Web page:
Ysgol y Llys school wins at international film festival
A Denbighshire primary school has won an international film festival award for their documentary about Wales' traditional wool industry.
Ysgol y Llys' film Gwlan (Wool) clinched best documentary category in Spanish international youth film festival Plasencia Encorto.
The Welsh-language project was scripted, edited and shot by four Year five pupils at the Prestatyn school.
Deputy head Rhys Griffith said they were "overjoyed" to have won.
Funded by a £5,000 grant, the film was made with the help of local filmmaker Michael Kitchin, who travelled to Spain to accept the award on their behalf.
"It was pretty exciting when we found out we were in the final - but when we found out we won we were overjoyed," Mr Griffith said.
He said the film's success lay in its subject matter.
"It was the treatment of it," he said. "It depicts local sheep shearers, wearing their traditional shoes, carrying out their jobs.
"And we also have the school choir singing in Welsh throughout in the background."
Mr Griffith said the project was initially launched to improve pupils' digital skills.
"We also have a lot of kids who are interested in acting and the creative arts so we thought we'd give it a go," he added.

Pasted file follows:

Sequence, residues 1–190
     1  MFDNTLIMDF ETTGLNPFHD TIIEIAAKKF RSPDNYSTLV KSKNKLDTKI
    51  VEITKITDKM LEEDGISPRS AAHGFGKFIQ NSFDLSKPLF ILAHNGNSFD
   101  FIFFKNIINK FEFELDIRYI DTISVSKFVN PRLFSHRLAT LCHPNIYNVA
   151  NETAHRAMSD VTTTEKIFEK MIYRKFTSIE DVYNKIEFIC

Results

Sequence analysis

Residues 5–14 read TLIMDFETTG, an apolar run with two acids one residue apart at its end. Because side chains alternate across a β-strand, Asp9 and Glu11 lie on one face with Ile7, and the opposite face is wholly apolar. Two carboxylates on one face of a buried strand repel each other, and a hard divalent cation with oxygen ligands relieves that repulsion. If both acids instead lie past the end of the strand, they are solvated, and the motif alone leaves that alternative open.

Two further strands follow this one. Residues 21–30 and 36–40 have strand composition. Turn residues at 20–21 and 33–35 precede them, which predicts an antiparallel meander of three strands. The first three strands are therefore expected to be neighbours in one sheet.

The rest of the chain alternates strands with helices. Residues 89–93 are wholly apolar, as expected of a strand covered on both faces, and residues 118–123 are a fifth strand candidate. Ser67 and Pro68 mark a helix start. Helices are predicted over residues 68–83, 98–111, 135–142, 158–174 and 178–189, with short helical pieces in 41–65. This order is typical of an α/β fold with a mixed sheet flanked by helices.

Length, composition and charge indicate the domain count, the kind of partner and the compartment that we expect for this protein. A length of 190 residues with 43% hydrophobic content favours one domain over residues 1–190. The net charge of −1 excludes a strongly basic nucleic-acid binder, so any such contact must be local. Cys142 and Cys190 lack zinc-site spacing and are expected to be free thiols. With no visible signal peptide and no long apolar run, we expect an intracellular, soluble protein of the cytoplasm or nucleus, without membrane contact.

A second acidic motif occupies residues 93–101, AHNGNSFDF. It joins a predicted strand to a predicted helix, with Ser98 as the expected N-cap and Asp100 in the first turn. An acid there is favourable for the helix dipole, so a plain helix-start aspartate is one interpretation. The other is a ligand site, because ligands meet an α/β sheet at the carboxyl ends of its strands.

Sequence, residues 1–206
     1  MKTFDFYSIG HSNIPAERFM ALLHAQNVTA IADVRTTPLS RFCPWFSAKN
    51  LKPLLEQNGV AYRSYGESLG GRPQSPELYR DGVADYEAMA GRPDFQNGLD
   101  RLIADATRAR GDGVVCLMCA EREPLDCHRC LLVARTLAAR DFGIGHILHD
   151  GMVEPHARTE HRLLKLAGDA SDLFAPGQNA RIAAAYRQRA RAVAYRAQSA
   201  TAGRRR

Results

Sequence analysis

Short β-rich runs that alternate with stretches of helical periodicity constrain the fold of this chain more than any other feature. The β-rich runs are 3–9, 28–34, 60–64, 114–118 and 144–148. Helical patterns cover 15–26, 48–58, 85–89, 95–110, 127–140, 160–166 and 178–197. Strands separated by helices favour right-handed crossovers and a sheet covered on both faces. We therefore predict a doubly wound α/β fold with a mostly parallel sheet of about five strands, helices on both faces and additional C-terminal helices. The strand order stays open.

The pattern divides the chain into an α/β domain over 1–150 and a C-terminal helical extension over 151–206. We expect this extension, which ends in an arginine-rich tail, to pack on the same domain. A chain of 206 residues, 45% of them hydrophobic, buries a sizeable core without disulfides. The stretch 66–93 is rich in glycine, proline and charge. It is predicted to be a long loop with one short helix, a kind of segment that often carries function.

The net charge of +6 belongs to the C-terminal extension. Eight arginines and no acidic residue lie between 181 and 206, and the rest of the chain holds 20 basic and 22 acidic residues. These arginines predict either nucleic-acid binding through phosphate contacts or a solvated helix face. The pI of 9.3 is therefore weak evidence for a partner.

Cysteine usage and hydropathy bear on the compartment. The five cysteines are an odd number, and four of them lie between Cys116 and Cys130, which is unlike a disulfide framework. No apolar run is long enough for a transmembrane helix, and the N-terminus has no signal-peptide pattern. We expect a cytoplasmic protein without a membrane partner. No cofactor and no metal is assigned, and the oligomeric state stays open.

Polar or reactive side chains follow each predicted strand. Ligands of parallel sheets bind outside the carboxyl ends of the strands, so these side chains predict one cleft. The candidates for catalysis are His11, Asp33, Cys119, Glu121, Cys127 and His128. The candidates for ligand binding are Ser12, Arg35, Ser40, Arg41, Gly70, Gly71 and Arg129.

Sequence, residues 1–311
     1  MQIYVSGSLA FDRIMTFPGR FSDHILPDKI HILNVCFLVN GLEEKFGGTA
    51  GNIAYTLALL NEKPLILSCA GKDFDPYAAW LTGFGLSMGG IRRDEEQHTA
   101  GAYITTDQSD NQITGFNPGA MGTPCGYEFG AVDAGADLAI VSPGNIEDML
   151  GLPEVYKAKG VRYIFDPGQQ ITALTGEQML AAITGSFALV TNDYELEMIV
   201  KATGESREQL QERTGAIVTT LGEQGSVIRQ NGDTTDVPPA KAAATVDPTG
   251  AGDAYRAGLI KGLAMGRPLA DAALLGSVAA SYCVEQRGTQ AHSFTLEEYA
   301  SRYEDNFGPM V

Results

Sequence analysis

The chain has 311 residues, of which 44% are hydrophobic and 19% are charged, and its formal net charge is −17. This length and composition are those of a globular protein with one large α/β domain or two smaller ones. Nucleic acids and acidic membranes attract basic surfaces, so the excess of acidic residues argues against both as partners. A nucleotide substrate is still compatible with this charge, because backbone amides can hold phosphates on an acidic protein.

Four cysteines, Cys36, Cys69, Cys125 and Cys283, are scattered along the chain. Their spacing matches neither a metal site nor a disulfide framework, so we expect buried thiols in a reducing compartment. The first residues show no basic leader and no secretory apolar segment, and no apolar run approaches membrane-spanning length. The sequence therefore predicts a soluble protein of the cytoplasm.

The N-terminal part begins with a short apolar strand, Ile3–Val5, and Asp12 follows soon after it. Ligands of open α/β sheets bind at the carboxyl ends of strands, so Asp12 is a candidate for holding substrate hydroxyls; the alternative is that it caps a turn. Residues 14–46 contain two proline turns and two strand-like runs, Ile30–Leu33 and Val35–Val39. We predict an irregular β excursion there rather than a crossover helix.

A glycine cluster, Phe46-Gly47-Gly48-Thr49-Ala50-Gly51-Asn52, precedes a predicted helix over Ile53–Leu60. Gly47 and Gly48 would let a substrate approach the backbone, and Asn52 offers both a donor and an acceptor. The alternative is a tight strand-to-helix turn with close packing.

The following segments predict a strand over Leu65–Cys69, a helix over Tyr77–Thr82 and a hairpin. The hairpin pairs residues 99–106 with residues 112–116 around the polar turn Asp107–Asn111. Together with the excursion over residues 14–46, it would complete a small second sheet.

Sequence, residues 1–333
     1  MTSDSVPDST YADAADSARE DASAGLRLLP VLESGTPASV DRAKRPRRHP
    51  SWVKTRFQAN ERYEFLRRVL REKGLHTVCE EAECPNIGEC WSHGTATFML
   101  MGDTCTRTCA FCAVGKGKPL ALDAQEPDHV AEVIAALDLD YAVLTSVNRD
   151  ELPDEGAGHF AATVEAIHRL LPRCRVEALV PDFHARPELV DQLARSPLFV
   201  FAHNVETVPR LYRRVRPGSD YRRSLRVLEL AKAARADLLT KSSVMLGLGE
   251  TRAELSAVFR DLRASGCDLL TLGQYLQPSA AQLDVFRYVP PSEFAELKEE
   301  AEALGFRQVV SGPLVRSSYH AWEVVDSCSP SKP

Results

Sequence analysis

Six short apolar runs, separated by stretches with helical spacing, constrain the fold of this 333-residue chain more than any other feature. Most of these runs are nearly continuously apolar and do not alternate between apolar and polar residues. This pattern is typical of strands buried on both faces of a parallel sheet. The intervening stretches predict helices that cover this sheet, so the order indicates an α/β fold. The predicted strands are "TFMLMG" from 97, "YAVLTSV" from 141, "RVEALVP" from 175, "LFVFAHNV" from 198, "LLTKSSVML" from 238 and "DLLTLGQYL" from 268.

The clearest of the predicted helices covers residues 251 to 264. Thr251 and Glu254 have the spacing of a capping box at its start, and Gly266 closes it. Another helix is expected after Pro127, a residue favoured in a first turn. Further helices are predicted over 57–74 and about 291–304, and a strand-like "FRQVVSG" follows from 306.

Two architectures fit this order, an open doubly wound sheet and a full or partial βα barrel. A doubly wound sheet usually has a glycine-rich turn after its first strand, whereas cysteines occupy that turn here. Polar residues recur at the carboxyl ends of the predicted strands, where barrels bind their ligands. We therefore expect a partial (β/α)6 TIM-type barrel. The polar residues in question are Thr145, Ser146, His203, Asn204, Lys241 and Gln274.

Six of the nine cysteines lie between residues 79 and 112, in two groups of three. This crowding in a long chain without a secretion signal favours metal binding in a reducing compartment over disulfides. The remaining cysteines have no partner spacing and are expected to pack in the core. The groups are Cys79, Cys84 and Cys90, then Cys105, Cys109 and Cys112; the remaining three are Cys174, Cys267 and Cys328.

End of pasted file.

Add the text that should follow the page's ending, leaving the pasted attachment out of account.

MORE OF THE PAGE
"They worked really hard. It's given them skills - but it's also given them real confidence in themselves.
"There's been a real buzz about it. They were all really disappointed when the project finished."
The film has also been entered in competitions in London, Dublin, Australia and Slovakia - with judges in Australia praising its use of Welsh.
'Fire in their bellies'
Since its success, the budding directors have gone on to make an anti-bullying film, now being used by Talacre-based education activity centre DangerPoint.
The group were even invited to judge a category at Prestatyn's Wales International Youth Film Festival Wicked:16 last year - and saw their film screened at the local independent Scala Cinema.
"It looked fantastic," said Mr Griffith.
And, he added, the project has now encouraged pupils to produce more films, with some eager to pursue creative careers.
"One of the group is really keen on acting, and has joined his local amateur dramatic group. And the others want to do more projects.
"It has lit a fire in their bellies."